We wouldn’t be surprised if earlier this year a lot of Dow watchers were getting a bit seasick. One day the market was reaching a new high, and the next day it seemed to recoil as quickly as it had risen. On top of that kind of volatility, the buzz was less than glowingly optimistic in the investing world, centering on whether stocks were overvalued or on if and when the Federal Reserve would raise rates and put a halt to the stock market’s run.
Where do you put your money in such an environment? The mutual fund industry’s answer for jittery investors like yourself has been a type of hybrid investment called either balanced funds or asset allocation funds. The two breeds are similar: they invest in both stocks and bonds, offering the capital appreciation of the former and the secure yield of the latter. The underlying logic behind the hybrids is simple: when stocks are hot, the funds will be able to tap the trend. When stocks are shaky,investors will probably seek shelter in bonds. That’s when the bond portfolio of a balanced or asset allocation fund will steady things.
There are minor differences, though. Balanced funds typically mandate that portfolio managers keep a set mix, say 60% of their overall investment in the stock market and 40% in bonds. Asset allocation funds tend to be looser, allowing managers to roam from category to category.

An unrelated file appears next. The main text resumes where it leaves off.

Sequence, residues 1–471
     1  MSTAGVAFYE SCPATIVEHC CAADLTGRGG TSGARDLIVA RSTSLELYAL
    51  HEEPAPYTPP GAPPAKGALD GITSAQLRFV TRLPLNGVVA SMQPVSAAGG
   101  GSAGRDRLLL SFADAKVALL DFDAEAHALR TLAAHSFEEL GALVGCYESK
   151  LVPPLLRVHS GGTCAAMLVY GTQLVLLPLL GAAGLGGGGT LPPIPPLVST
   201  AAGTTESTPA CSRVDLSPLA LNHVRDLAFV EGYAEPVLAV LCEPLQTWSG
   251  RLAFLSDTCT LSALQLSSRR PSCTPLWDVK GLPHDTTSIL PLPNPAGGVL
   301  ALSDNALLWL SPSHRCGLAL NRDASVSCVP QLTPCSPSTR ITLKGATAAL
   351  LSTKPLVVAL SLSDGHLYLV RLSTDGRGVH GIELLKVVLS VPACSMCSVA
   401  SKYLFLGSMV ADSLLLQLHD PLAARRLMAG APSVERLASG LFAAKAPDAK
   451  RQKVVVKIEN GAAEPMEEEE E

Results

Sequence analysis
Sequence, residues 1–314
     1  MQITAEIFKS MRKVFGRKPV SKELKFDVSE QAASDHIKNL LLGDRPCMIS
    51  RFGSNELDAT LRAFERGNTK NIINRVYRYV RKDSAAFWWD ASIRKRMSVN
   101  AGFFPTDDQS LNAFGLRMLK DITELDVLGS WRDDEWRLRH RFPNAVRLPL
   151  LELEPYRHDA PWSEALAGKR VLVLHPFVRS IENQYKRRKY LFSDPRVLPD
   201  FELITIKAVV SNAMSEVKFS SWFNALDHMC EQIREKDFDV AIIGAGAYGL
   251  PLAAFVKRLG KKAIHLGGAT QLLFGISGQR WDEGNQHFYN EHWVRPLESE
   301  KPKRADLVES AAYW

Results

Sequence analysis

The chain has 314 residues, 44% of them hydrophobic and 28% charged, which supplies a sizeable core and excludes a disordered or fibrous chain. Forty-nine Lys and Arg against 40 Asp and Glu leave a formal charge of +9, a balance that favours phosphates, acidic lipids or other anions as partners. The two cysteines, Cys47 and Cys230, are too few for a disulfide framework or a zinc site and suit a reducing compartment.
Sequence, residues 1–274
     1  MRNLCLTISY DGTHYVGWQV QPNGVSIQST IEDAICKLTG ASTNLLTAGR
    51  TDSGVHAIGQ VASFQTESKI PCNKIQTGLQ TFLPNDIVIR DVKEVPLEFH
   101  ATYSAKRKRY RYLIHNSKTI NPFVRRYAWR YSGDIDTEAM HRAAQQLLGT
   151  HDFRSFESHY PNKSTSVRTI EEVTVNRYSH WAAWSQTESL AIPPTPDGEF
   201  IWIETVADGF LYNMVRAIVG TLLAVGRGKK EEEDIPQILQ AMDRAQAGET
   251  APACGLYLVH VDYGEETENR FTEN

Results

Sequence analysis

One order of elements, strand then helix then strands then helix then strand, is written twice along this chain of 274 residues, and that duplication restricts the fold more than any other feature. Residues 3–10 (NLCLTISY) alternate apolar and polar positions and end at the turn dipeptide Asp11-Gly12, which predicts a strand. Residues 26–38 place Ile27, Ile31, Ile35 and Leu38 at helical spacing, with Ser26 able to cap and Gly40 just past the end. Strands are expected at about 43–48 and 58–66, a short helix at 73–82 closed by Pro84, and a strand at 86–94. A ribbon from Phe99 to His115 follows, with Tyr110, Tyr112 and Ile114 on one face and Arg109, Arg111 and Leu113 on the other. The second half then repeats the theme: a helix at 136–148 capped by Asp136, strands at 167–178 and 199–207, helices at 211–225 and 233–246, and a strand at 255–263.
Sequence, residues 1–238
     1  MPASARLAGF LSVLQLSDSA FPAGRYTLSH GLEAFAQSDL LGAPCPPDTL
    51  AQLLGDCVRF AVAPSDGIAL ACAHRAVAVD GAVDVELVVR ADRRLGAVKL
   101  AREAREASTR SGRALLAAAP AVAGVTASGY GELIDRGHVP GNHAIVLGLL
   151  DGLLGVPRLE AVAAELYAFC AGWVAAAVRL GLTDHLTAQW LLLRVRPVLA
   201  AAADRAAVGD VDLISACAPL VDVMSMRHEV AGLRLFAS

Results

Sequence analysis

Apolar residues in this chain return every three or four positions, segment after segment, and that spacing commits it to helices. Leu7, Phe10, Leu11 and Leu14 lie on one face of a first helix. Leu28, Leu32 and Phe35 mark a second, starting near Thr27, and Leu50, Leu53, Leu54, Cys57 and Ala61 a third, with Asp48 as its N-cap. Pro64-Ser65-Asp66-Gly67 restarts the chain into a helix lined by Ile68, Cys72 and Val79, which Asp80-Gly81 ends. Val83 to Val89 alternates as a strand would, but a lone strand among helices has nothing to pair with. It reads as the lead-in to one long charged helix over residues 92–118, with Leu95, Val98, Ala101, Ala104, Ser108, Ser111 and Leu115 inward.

Typically, a hybrid fund under good management, while not quite keeping up with the high flight of the stock market, will at least beat out indices for the bond market. In 1996, the group average return was 13.4%, almost 10 points behind the S&P 500 but still nearly 10 points above the Lehman Aggregate Bond Index for the year. In 1995, hybrids turned in a respectable 24.31% average return. Although that trailed the S&P 500 by 13 points, it exceeded the Lehman bond index by 6 percentage points.
All the same, despite the calming reassurance of names like “balanced” and “asset allocation,” there is some risk, especially as seen in years like 1994, when both stocks and bonds turned in weak performances. Some hybrid funds, like Fidelity’s Asset Manager, got clobbered, suffering a 6.6% drop in total return for the year, compared with a 1.32% gain for the S&P 500, and a 2.92% drop in the Lehman Aggregate Bond Index. On average, the group fell 3.05% that year.
That warning aside, there are a number of good hybrid funds to choose from, many with ample ability to keep up with and even surpass the stock market. In hunting for funds, we turned to Morningstar, the Chicago mutual fund rating group. Within their Principia database, BE tracked funds that turned in above-average performances over the last five years, a good long-term measure of management’s skills. We looked for funds that didn’t charge load fees when buying in or cashing out of the fund. Our criteria included an above-average showing in 1994, a year we feel was a very